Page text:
Hong Kong in Turmoil
Born and bred in Hong Kong, I normally pay a visit a couple of times every year to see relations and friends. The last visit, during July 2019, was to a city in turmoil. Many Hongkongers had been taking to the streets weekend after weekend, and then daily, for well over a month.
It was soon apparent to me that the feelings pervading everyday life for many in the city have not been conveyed in the coverage of the mainstream international press. In conversations, on social media, and on wall posters, emotions run high. One example was the reaction after police attacked people inside the busiest shopping mall in Hong Kong, located in Shatin. The commotion began after a protest in the area was almost over. Some participants had dispersed and were passing through the mall on their way to a train station. A large contingent of police suddenly rushed in, locked all the exits, and then started indiscriminately bludgeoning protesters and people passing by. One photo in particular shocked the city’s democrats (see image 1)—a policeman grabbing a man’s face, with one finger gouging the victim’s right eye and another finger in his mouth while the man was pinned down by two other policemen. The photo aroused an outpouring of anger. It was one of many photos and videos that have sparked demands for an investigation into police brutality.
In no time, copies of this photo went up on all the ‘Lennon Walls’ in Hong Kong, at street corners, in subway stations, bulletin boards, anywhere there was space for little stickers and big posters. The tradition of the Lennon Wall originated in Prague in 1980, in commemoration of John Lennon’s assassination, serving as an indirect means to challenge the Czech Communist regime. In Hong Kong, the biggest and most well known of these Lennon walls is at the Taipo Railway Station, which has a maze of underground walkways that stretch a considerable distance. People who support the calls for democracy have been coming here to air their anger and demands by adding their own writing and pictures to the Station’s ever-growing Lennon Wall.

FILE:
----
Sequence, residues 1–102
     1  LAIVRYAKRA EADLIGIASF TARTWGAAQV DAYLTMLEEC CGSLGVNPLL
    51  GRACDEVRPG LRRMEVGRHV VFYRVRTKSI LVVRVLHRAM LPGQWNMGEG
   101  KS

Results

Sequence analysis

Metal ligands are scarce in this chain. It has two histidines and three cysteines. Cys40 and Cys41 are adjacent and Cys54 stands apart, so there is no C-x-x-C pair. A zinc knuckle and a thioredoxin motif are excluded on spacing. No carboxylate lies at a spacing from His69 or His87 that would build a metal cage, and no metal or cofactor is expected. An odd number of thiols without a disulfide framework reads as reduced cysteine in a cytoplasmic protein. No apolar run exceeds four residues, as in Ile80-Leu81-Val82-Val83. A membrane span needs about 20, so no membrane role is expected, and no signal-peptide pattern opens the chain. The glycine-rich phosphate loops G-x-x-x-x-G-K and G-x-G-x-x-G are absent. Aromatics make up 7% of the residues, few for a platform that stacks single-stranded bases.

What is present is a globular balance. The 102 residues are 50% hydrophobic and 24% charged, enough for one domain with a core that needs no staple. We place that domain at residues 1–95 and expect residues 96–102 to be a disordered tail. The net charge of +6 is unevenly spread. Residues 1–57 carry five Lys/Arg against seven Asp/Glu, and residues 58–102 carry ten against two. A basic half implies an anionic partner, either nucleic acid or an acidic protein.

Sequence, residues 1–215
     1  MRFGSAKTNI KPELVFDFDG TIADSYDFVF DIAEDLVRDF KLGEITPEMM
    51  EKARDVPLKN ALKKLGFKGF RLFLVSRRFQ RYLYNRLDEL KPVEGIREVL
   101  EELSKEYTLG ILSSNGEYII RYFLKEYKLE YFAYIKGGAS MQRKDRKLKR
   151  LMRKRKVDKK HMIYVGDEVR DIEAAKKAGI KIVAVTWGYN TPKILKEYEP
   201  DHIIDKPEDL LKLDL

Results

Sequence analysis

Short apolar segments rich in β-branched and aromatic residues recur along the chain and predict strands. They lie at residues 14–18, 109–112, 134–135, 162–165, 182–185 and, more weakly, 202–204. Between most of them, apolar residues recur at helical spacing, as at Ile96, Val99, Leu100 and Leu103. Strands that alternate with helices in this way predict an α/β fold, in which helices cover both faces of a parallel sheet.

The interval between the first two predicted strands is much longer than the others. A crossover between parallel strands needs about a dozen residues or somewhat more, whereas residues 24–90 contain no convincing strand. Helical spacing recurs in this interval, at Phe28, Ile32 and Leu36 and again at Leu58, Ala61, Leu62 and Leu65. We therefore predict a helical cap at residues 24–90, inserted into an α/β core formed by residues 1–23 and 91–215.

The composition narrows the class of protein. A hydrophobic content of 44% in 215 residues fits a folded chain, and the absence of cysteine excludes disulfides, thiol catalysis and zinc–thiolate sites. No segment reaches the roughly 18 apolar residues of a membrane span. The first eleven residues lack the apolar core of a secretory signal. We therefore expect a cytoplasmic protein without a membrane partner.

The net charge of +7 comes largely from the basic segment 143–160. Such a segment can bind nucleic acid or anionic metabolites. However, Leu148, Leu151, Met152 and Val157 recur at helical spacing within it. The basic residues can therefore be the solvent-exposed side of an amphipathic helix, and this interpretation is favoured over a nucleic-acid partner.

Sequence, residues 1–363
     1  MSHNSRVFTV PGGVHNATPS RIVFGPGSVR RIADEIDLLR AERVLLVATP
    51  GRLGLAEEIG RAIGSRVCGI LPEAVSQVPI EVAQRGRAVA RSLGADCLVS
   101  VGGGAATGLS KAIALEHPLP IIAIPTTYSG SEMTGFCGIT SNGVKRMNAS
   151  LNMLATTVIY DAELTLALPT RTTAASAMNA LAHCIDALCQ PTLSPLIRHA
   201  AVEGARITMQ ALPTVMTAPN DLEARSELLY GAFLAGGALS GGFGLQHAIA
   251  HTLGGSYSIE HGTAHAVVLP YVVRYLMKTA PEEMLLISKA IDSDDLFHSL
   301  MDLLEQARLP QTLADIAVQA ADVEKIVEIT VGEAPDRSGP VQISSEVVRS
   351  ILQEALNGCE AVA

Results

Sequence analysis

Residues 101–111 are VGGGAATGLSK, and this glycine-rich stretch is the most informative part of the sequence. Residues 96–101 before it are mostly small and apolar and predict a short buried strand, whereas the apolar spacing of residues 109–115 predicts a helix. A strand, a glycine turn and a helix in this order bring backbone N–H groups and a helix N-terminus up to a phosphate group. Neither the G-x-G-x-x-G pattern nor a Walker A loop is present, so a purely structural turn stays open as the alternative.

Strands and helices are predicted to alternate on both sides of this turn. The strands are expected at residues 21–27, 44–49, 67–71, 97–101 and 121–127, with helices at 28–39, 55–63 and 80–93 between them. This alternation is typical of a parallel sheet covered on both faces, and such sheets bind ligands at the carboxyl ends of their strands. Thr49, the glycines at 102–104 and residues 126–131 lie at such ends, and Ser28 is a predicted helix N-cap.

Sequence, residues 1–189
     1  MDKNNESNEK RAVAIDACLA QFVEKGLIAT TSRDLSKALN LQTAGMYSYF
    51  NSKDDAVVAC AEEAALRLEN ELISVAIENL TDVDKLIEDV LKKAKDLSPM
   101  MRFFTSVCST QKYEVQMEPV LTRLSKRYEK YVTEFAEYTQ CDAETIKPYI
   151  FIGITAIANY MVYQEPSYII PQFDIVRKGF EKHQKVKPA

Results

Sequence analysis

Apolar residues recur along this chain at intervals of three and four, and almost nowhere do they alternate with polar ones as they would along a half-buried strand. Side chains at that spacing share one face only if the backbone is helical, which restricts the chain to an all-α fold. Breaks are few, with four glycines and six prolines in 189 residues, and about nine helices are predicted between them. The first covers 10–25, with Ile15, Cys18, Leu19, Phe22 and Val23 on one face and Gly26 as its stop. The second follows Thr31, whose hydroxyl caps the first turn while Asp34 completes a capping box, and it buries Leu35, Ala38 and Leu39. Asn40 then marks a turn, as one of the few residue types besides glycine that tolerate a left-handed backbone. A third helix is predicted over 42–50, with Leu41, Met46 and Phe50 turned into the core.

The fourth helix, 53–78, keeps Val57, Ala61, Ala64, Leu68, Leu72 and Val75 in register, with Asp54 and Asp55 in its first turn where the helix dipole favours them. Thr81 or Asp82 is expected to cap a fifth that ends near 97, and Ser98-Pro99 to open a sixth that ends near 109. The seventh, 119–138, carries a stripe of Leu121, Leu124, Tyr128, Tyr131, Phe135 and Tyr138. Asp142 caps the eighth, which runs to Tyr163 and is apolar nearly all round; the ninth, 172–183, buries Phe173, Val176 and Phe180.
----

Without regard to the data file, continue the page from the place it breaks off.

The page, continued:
Many of the posters, cartoons, and graffiti on the Wall use Cantonese words and characters. Traditionally, Cantonese is only a spoken language. Before Hong Kong came under Chinese sovereignty in 1997, Hongkongers spoke in Cantonese but were educated to write using the vocabulary and grammar of Mandarin, pronounced in Cantonese. Only a couple of newspapers that specialised in horse racing sometimes used Cantonese phrases, and new characters had to be invented. This was denigrated by other Hong Kong residents as uncouth Chinese. But as the post-1997 Hong Kong government introduced compulsory courses in spoken Mandarin into schools, some students began writing in Cantonese, creating a new form of written script that is incomprehensible to Mandarin-speakers. Soon, Cantonese characters started to appear in posters on university campuses, a situation that has become increasingly common since the Umbrella Movement of 2014. It has also become a lingua franca in online articles and the few Chinese-language newspapers that support the movement. Using Cantonese reaffirms their Hong Kong identity. It is also an open refusal to submit to the Mandarin-speaking mandarins from the People’s Republic of China (PRC).